Both are close to each other and have some unique sites around the lakes. They are about 25 miles SW of Munich and a lot of locals go her eon weekends. There are a number of little towns/villages around the lakes, and also one museum of note; the Buckheim, which is contemporary art for its art sake. Andechs Monastery was a big disappointment in that the place was overrun by drinking fools without and cherished thought of reverance for why such a place would be there to begin with. Wonder why Muslims will win in the takeover?? Not
On a snowy afternoon we went to Starnberger See (Lake Starnberg) for a walk at the lake. I had read about the memorial cross for King Ludwig II in my guidebook and wanted to see it because it looked like a nice place. I didn't expect this to be such a nice place. There was a lot of snow when we walked through a little park to the chapel (Votivkapelle) that was built in rememberance of the king who died in the lake in 1886. Underneath the chapel - which is quite big actually - there's a cross in the lake. It is said that Ludwig died here because he was found here. Some say it was suicide, some claim it was murder. We stood here for a while and enjoyed the silence and the views over the grey lake at dusk. A wonderful place!
The chapel and cross are located just outside of a small village called Berg on the eastern side of the lake.
It will take you approx. 30 mts from Munich by car to get here. There's also an S-Bahn to Starnberg. From there you have to rely on your feet or the local bus.
The best known public swimming area at the lake of Stanberg is the village of Kempfenhausen, just one mile east of the town of Starnberg. However, in summer this area is often crowded with people and the lake floor is muddy. Due to the many people the water is stirred up and appears muddy also. Therefore the central eastern shores of lake Starnberg offer much nicer places to relax, picnic, and swimm. Pepply beaches with clear turquoise water and nice waterfront cafes and fish restaurants can be found everywhere on the central eastern shore of lake Starnberg. Especially around the village of Ambach swimming is good.
You need a bike or car to get there. E.G. you can take the S-Bahn 6 to Starnberg and then take your bike down the path on the eastern side of the lake until you find a nice spot. If you arrive by car park in one of the above mentioned villages. For map details on the eastern shore of lake Starnberg look at www.stadtplan.de and investiagte the area south of Starnberg.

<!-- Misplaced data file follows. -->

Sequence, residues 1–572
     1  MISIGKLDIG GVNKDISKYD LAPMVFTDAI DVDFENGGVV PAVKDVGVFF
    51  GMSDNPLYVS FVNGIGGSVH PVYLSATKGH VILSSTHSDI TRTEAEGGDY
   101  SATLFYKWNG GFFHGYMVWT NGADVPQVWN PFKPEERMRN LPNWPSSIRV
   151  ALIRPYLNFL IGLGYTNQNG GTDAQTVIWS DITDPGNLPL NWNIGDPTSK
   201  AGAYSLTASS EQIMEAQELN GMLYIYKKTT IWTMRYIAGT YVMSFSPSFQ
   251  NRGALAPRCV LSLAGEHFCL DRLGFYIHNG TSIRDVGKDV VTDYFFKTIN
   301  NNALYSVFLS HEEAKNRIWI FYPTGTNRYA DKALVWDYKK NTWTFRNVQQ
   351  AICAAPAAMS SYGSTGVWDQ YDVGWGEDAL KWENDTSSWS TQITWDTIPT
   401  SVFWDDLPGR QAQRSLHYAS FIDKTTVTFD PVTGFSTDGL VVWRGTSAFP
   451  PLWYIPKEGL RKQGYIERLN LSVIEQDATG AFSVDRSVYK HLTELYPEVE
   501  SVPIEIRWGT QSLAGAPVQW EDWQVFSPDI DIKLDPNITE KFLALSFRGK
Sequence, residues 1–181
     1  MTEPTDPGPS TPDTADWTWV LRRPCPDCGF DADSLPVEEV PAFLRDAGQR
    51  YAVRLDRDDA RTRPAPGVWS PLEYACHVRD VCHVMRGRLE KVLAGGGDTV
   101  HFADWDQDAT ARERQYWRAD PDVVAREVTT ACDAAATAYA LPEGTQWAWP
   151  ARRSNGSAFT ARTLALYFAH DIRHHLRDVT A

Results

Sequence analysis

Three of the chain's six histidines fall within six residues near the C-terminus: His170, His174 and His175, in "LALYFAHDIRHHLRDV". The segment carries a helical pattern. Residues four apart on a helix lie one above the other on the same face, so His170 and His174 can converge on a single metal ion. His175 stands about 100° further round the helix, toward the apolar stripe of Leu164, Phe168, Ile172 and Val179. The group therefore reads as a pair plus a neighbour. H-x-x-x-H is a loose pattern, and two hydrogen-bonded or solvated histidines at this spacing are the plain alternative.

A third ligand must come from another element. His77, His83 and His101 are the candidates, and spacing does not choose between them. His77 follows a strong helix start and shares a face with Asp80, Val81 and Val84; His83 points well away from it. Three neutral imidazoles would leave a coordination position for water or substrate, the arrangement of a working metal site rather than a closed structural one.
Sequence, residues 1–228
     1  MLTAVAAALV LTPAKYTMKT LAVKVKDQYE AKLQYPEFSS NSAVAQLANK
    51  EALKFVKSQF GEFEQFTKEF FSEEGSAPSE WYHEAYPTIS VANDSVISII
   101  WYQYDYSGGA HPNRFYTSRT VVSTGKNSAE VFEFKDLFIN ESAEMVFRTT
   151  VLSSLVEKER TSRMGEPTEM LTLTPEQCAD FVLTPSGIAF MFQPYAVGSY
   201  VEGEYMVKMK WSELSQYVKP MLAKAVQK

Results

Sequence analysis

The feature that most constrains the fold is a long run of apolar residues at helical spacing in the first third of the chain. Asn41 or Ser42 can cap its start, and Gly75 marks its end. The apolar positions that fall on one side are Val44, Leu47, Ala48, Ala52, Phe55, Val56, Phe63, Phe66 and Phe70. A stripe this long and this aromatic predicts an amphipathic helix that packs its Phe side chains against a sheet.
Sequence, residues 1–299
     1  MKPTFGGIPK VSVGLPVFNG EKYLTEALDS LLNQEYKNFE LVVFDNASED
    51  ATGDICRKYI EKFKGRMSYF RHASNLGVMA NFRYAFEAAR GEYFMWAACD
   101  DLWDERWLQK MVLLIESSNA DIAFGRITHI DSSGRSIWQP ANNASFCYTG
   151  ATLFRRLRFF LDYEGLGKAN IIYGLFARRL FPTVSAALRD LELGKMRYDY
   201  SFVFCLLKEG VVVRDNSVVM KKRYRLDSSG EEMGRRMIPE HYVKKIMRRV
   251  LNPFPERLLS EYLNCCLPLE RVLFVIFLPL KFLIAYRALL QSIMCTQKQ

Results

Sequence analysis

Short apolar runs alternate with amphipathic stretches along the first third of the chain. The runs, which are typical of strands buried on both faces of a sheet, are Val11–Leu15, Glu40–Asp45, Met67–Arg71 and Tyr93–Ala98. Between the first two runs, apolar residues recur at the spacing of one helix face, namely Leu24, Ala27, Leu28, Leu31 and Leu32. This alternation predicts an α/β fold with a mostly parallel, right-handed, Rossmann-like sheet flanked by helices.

When I first arrived my boyfriend and I took a train ride some 30 minutes from the city and found this picturesque lake, called Lake Starnberg. Imagine its summer colours it is very quite idyllic and serene, in winter,the snow was everywhere and a wonderful playground I have ever seen.
Gilching is a beautiful village in the "5-Seen-Land" (five lakes country). For the over 18000 inhabitants and for tourists, there are numerous possibilities for rest, relaxation, sport or culture. In the near surroundings, there are many lakes, among them, the Ammersee, Starnberger See, Wörthsee, Weßlinger See... With the suburban train, Munich is only half an hour away.
Starnberg, which is situated on the 48th degree of latitude southwest of Munich (Germany) was first named "Starnbergk" in 1226. Although it has been inhabited since then it gained it's status as municipality only in 1912. For the 21650 inhabitants (30.6.2000) and for many tourists, there are numerous possibilities for relaxation, sport or culture. There is a beautiful promenade, a native country museum and the castle of Starnberg. One can make a steamboat trip on the "Starnberger Lake" or hike to the place where King Ludwig II lost his life in the lake. There a wooden cross at the lakeshore of "Berg" reminds of the tragedy. Munich is only half an hour away with the suburban train.
Honestly, Starnberg shouldn't be labelled a "off the beaten path" activity anymore...so many tourists throng the lakefront...
The locals prefer to do their sunbathing and swimming a little lower down the way - take S6 to Possenhofen, one stop after Starnberg.
After alighting at the station, follow the locals for a 15 walk through the forest - after that - heaven!
Apart from the rather bleak reputation as the lake where Ludwig II "drowned", Starnberg is truly a beautiful lake you shouldn't miss if you drop by Munich.
It's extremely accessible too! Take the S6 in the direction of Tutzing and you would stop right at the lakefront!
Couple this with a visit to the farms at Gauting. There's a reliable Muller just at the exit of the train station, so you don't even have to pack a picnic!
One of many lakes south of Munich, close to the Alps mountains. A great daytrip from Munich, easy to be reached by S-Bahn.
Get the S6 southbound to Starnberg to see the lake and maybe try out the local sports centre with water slides, pool etc
Starnberg boasts a large lake where you can go cycling around, boating and if its not too cold, you can go swimming there too. More lakes are nearby, but I think you could do with a car to see them like the Woerthsee and the Ammersee.
Socially, it's not that great for a young wan like myself, as it's full of retired rich and sedate Muencheners.
Munich has a number of lakes in its vicinity. Lake Starnberg is about a 30 minute drive from Munich. This picture was taken in the small village of Ammerland. See the travelogue for more pictures taken in February 2001.